W3C home > Mailing lists > Public > www-rdf-interest@w3.org > February 2001

Re: does RDF require understanding all 82 URI schemes?

From: Graham Klyne <GK@ninebynine.org>
Date: Wed, 14 Feb 2001 15:12:28 +0000
Message-Id: <>
To: David Megginson <david@megginson.com>
Cc: www-rdf-interest@w3.org
At 11:15 AM 2/12/01 -0500, David Megginson wrote:
>Who owns the thing being discussed?  Let's say that I want to publish
>information about the Battle of Jutland.  If I use the identifier
>   http://www.megginson.com/battles.rdf#jutland
>I've left anyone else who wants to describe the same battle with a
>choice between two miserable alternatives:
>1. use the same identifier, and eternally privilege my information
>over anyone else's; or
>2. use a different identifier, and lose any easy possibility of
>collating the information.

Now I think I see where you're coming from.  How about:

3. use a different identifier, and add an annotation along the lines of 
"see also http://www.megginson.com/battles.rdf#jutland".

I think it's reasonable to allow the authorized creator of an identifier 
some privilege over its use.

[Later, I noticed:]
>I already answered this one privately -- this solution won't scale,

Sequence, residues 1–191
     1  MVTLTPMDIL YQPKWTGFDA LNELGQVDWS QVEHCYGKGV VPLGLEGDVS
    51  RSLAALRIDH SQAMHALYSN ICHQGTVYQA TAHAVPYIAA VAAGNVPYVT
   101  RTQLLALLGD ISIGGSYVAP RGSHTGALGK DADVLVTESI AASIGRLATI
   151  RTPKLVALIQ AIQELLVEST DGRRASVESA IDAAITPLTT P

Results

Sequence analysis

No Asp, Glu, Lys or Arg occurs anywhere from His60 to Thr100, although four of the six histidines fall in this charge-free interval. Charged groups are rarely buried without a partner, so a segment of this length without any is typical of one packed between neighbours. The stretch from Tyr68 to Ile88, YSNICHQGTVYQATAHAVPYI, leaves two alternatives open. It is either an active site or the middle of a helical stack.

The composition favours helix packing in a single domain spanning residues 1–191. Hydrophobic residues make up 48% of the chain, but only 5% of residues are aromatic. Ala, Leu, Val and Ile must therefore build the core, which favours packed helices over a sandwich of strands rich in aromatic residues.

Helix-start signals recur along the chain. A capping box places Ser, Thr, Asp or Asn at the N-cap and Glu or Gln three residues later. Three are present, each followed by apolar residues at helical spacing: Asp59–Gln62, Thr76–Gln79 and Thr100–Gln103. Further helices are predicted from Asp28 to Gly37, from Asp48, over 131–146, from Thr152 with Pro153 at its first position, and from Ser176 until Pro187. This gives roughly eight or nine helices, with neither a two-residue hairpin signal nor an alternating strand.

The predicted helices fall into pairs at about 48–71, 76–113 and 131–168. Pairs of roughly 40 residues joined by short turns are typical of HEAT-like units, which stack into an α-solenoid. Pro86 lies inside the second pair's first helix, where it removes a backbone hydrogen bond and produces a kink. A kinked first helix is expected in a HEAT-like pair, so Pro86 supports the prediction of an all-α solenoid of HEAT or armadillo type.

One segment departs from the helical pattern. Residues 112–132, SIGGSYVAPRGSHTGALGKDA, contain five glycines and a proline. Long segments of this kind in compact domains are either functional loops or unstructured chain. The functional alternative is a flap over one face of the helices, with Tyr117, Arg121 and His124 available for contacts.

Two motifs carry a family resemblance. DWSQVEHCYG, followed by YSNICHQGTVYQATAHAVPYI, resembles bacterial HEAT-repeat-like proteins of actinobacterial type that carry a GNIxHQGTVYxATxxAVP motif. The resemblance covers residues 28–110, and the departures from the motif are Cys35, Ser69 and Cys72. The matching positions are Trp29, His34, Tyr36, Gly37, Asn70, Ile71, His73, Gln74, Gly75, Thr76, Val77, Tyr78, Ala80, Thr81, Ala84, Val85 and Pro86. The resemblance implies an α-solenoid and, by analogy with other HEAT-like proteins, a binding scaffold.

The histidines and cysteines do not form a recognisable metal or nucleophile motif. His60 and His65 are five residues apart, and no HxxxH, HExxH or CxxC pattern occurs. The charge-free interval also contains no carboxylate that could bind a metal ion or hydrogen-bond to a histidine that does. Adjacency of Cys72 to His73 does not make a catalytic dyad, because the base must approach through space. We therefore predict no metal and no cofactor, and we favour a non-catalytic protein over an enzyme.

>because it requires you to retrieve a resource to find the aliased
>identifier.  If you're dealing with more than a few objects, you'll
>end up with an exponential explosion of network access.  That's not to
>say that an equivalent-to property isn't a good idea; only that it's
>not a practical alternative to sharing the same identifier.

I'm not sure that expecting everyone to use the same identifier will scale 
either.  It presumes knowledge on the part of the person wishing to make a 
statement about other statements already made.  It is inevitable that new 
identifiers will be created.

Finding out everything anyone ever said about the battle of Jutland seems 
like a pretty hard problem, scale-wise, however you slice it.

I think a scalable approach (or as close as we'll get) will use a 
combination of all these approaches:  well-known names (hopefully 
administered in non-discriminatory fashion), private names, 
cross-references, etc.  Pretty much what you'd face trying to get 
information out of a book library.


Graham Klyne
Received on Wednesday, 14 February 2001 10:50:25 UTC

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